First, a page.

Read more:  COVID-19 in Pakistan: Why the government and doctors are at odds

Political analyst and journalist Owais Tohid explained that conspiracy theories have always been widespread in Pakistan and that – from the current health crisis to the war on terror – many Pakistanis have traditionally taken refuge in denial. According to Tohid, politics and religious conservatism have exacerbated the spread of myths and conspiracy theories surrounding the disease, pushing scientific and medical facts under the rug.

"The spread of the virus is fuelled by politics and religion," Tohid told DW. "From the theory that the disease is more harmful in the West than the East, and that it kills white people more than coloured and African American people, and that people in Pakistan have immunity, the list goes on and on," he said. "People in Pakistan believe in conspiracy theories, thrive on them and remain in denial till the reality hits them right in their face."

Meanwhile, civil society activists say that Pakistani authorities continue to appease Islamists even when the country is facing a worsening public health crisis.

Pakistan's online food orders to beat virus

Coronavirus as 'God's punishment'

Professor of sociology and vice chancellor of the University of Okara, Muhammad Zakria Zakar, told DW that many Pakistanis deny the crisis because scientific thought and training has not yet fully developed in the country.

"We don't focus on scientific facts and reasoning in our curriculum," Zakar said, referring to Pakistan's education system.

Amongst conservative individuals, disease is often perceived as God's punishment for wrongdoing. Seeking help from spiritual or traditional healers is both a popular and more accessible alternative to receiving medical treatment.

"If someone has been diagnosed with COVID-19, the person will be stigmatized as someone who has sinned and is thus facing the wrath of the God," said Zakar.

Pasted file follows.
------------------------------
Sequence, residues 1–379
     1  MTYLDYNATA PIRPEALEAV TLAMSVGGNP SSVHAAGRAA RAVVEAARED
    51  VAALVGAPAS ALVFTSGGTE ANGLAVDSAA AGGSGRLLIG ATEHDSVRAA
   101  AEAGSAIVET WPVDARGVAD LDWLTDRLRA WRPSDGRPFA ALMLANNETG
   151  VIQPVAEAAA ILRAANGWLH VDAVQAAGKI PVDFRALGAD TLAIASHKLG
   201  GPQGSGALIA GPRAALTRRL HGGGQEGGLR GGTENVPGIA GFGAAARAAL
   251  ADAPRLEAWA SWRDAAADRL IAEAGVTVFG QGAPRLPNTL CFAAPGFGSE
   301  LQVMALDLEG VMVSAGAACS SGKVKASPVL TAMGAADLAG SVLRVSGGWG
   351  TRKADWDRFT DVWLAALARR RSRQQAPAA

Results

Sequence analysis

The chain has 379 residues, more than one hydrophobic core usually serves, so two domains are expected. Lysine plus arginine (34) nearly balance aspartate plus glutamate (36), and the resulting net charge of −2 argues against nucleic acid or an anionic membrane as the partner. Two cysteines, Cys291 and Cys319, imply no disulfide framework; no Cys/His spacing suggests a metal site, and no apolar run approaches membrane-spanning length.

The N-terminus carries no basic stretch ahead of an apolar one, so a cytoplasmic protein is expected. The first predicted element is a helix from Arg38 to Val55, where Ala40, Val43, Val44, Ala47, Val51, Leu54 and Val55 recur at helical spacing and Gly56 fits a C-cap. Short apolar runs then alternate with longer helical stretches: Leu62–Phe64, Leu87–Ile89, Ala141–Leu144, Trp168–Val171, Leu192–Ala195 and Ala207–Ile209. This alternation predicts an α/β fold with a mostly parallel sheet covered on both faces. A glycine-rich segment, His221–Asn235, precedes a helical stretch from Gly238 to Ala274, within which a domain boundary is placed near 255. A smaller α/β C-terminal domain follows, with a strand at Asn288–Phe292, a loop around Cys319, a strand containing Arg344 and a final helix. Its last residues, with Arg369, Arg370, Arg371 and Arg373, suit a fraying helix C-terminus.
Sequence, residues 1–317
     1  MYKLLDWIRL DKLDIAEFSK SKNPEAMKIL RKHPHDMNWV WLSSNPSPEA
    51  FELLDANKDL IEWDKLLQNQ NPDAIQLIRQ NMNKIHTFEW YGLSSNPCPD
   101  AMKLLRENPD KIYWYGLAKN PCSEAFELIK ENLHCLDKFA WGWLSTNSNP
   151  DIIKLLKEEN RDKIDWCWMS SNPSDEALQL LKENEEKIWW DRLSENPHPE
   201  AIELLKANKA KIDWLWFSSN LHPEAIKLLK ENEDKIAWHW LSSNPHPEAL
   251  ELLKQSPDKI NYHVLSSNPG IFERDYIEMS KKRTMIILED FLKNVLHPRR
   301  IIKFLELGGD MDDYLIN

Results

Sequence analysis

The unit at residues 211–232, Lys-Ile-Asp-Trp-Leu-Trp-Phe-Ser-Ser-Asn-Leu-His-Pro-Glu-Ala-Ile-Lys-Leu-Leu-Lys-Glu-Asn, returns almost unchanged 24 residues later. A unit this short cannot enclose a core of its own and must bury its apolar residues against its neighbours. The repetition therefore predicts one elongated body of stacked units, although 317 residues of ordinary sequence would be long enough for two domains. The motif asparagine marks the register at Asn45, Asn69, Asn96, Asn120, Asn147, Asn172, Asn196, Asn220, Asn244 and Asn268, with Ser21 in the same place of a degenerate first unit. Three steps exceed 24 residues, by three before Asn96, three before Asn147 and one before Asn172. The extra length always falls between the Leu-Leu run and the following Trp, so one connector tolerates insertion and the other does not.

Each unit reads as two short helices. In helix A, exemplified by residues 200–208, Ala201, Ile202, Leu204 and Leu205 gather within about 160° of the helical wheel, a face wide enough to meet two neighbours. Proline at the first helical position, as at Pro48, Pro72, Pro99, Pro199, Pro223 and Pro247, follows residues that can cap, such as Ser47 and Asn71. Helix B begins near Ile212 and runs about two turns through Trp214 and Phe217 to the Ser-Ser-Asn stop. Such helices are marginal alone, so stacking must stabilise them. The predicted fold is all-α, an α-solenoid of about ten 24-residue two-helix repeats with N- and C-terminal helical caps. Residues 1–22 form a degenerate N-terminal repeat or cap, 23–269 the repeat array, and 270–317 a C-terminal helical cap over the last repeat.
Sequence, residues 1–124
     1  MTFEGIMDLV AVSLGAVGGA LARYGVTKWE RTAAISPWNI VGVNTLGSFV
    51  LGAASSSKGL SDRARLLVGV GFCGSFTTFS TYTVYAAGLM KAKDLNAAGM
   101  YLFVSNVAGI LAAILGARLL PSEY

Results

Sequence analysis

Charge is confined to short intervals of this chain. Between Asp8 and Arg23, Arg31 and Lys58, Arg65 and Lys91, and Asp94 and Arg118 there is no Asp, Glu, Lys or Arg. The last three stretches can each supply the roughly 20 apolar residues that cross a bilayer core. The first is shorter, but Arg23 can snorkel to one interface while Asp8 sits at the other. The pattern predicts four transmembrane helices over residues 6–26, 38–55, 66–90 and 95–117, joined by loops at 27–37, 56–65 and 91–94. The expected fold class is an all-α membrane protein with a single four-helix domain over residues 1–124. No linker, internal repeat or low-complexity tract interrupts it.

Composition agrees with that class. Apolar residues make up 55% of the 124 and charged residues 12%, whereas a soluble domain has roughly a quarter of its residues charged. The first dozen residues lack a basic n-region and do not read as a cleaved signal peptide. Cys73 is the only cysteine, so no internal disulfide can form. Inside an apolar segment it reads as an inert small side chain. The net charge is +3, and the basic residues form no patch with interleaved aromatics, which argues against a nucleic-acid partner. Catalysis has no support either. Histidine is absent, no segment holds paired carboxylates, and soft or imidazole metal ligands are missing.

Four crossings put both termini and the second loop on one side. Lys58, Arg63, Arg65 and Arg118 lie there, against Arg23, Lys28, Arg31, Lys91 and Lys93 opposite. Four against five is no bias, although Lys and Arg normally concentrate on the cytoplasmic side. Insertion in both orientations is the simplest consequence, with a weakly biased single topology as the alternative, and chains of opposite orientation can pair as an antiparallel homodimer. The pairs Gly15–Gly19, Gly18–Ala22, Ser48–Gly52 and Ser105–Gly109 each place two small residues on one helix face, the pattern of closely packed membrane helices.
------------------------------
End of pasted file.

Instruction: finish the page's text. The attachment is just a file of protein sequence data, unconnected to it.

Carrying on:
According to the sociologist, superstition and folklore are embedded in traditional Pakistani culture, making it easier for many people to be more receptive to myths and conspiracy theories.

A combination of religious conservativism, illiteracy and a lack of access to resources have helped fuel conspiracy theories. According to Zakar, although uneducated individuals from low to middle income backgrounds are more likely to engage in traditional forms of healing and be more receptive to conspiracy theories surrounding the virus, literate individuals from middle to upper income backgrounds have also been known to engage in such behavior.

Politically motivated experts or medical doctors, or influential figures inspired by religious dogmas, have been known to advocate conspiracy theories surrounding the pandemic. Under the guise of "expertise,” their theories are often welcomed. In April, Tariq Jameel, a popular Islamic preacher, claimed that the coronavirus is a sign of God's wrath over sins such as women dancing and dressing immodestly.

Read more: Child laborers caught between coronavirus and economic hardship

Biggest crisis yet to come

The WHO has recommended that Pakistan impose intermittent lockdowns lasting two weeks to contain the outbreak. Meanwhile, Pakistani opposition parties and doctors' associations are demanding a complete lockdown.

Zafar Mirza, special assistant to the prime minister for health, said such recommendations are not mandatory and that the government must consider both economic and health impacts of the pandemic.

Currently, the federal government is trying to control the spread of virus by imposing "smart" lockdowns in COVID-19 hotspots.

However, Tohid warned that millions of Pakistanis are threatened with job losses amid the pandemic. "So, in the coming months, Pakistan will probably confront its worst crisis ever."

How Pakistani Kashmir managed to contain the coronavirus